There are a lot of sad characters in Spenser's Faerie Queene, but none really tops the long-suffering Amoret, whose life is a series of near rapes, imprisonments, and trials against her will.
Even her fiancé, Scudamore, initially steals her, deaf to her protests, from the temple of Venus, only to lose her that night when she's captured by the evil magician Busirane. But more unsettling than the consistency of Amoret's troubles is their nature. Amoret is subject to some of the most horrific tortures of the entire Faerie Queene: she's almost raped and eaten alive by the savage and, even worse, tied to a pillar, her chest pierced by a long, spear-like pen while her heart removed and her blood used as ink in the house of Busirane.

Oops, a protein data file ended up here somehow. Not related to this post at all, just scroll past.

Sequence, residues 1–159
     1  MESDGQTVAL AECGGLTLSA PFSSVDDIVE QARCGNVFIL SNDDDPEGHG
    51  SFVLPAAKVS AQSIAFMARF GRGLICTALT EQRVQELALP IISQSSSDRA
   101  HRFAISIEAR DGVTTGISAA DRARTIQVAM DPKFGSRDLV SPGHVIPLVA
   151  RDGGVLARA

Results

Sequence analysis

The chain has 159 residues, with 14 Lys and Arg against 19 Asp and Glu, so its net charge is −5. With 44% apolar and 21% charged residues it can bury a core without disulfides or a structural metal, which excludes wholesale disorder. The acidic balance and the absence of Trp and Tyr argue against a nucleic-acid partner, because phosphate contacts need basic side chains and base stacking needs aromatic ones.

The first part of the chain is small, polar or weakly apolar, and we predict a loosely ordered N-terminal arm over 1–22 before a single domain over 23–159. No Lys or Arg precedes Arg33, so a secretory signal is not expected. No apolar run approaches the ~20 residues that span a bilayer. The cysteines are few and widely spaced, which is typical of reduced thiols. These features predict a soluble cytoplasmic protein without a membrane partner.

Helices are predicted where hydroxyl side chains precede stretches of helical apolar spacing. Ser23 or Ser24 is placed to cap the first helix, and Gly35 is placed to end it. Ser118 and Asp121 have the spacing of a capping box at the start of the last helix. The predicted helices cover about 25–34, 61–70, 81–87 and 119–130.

Her torments are so extreme in the house of Busirane that even the narrator himself expresses distress for her condition. As we discuss in the section on Busirane, the use of her blood and her body as a physical source of ink for writing suggests that Amoret might be emblematic of the larger exploitation of female bodies and female suffering in poetry, particularly love poetry. Her name, which means "love," and her many trials also point to the general idea that love necessarily involves a certain amount of pain and suffering.